Pew, Conservationists Call on President-elect Obama to Implement Roadless Rule
Representative Raúl M. Grijalva (D-AZ), who chairs the House Natural Resources Committee's Subcommittee on National Parks, Forests and Public Lands, former U.S. Forest Service Chief Mike Dombeck, the Pew Environment Group, The Wilderness Society and other conservation groups also asked the incoming Obama administration to suspend road-building, drilling and other industrial activity in national forests that would violate the rule until it can be fully implemented.
“A century ago, our national forest system was created by President Theodore Roosevelt as a legacy for future generations,” said Rep. Grijalva. “I know my colleagues in Congress, from both sides of the aisle, are looking forward to working with our new president to make sure that these forests remained protected through the roadless rule.”
Mike Dombeck, U.S. Forest Service Chief during the Clinton administration and the rule's principal architect, said the measure was the product of years of scientific analysis and a record amount of public input. “This is a sound and well-thought out policy,” said Dombeck. “Its implementation is critical to ensuring safe drinking water for millions of Americans and protecting some of the nation's most valuable fish and wildlife habitat.”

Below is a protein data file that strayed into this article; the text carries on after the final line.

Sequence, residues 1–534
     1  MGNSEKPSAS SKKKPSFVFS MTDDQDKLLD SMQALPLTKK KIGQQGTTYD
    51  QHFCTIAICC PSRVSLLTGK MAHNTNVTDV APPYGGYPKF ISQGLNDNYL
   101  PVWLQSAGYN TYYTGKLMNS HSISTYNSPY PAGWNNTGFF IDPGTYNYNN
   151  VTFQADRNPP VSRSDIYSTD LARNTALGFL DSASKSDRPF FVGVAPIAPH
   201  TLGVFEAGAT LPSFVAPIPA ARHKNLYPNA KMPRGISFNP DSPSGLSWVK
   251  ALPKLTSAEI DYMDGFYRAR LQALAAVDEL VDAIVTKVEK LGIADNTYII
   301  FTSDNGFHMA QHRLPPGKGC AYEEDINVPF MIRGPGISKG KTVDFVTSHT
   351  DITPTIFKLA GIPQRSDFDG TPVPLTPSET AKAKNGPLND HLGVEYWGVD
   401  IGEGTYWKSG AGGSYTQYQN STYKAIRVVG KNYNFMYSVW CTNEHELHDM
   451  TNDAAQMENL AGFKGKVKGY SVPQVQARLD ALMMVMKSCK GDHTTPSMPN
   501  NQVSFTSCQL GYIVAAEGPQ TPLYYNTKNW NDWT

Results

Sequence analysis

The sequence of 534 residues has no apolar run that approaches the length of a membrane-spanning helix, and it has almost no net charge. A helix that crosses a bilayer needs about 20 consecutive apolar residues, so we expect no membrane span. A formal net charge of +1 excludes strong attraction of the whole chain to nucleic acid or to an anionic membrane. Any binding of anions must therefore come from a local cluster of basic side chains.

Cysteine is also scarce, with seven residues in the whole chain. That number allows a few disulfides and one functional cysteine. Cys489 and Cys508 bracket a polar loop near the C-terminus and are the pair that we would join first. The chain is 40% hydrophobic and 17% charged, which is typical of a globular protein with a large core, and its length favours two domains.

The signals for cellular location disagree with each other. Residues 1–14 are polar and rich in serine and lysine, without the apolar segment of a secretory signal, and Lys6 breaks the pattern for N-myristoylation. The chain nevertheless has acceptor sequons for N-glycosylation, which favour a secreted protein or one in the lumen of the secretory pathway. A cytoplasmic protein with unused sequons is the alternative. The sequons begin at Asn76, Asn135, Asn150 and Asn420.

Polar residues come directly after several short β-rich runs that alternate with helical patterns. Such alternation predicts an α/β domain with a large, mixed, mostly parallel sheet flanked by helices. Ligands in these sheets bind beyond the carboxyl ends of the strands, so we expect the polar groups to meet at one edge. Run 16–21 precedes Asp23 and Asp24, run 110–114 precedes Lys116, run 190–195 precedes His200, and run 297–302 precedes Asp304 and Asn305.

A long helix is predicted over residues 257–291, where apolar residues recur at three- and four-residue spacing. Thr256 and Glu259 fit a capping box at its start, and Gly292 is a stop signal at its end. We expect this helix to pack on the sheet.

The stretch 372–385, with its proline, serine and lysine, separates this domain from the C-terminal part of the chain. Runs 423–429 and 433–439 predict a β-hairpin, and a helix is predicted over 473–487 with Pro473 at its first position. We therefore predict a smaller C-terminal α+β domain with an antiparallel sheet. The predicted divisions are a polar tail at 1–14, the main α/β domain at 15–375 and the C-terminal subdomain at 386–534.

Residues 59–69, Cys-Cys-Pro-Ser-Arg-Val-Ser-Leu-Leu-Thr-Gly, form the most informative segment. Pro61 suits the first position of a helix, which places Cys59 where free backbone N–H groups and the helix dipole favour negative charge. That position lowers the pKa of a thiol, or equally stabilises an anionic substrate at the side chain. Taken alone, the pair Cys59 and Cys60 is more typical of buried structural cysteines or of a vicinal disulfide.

The Bush administration attempted to undo the rule and replace it with one that would allow national forest protections to be determined on a state-by-state basis. The move was challenged by environmentalists and is currently the subject of litigation in two federal appellate courts. While in the U.S. Senate, President-elect Obama co-sponsored legislation that would codify the rule, and his presidential campaign endorsed the policy as part of its conservation platform.
“This is one of the most important land protection measures of the decade,” said Jane Danowitz, U.S. public lands program director for the Pew Environment Group. “Implementing the roadless rule should be a priority on day one for the new administration.” The Pew Environment Group today launched a national campaign with other conservation organizations to urge the incoming administration to move quickly to embrace the policy as the law of the land.
Some conservationists are also concerned about potential last minute actions by the outgoing administration that could result in new oil and gas leasing and other industrial activity on previously undeveloped land.
“The Bush administration has created the potential for a surge in drilling and road-building on western public lands, including national forests,” said William Meadows, president of The Wilderness Society, which has been involved in multiple legal efforts to prevent such activity in roadless areas. “It's especially important that the new administration calls for an immediate ‘time out' on further activity until the 2001 roadless rule can be fully implemented.”
For more information on the roadless rule and the 2009 campaign to restore it, go to www.whatwouldteddydo.org.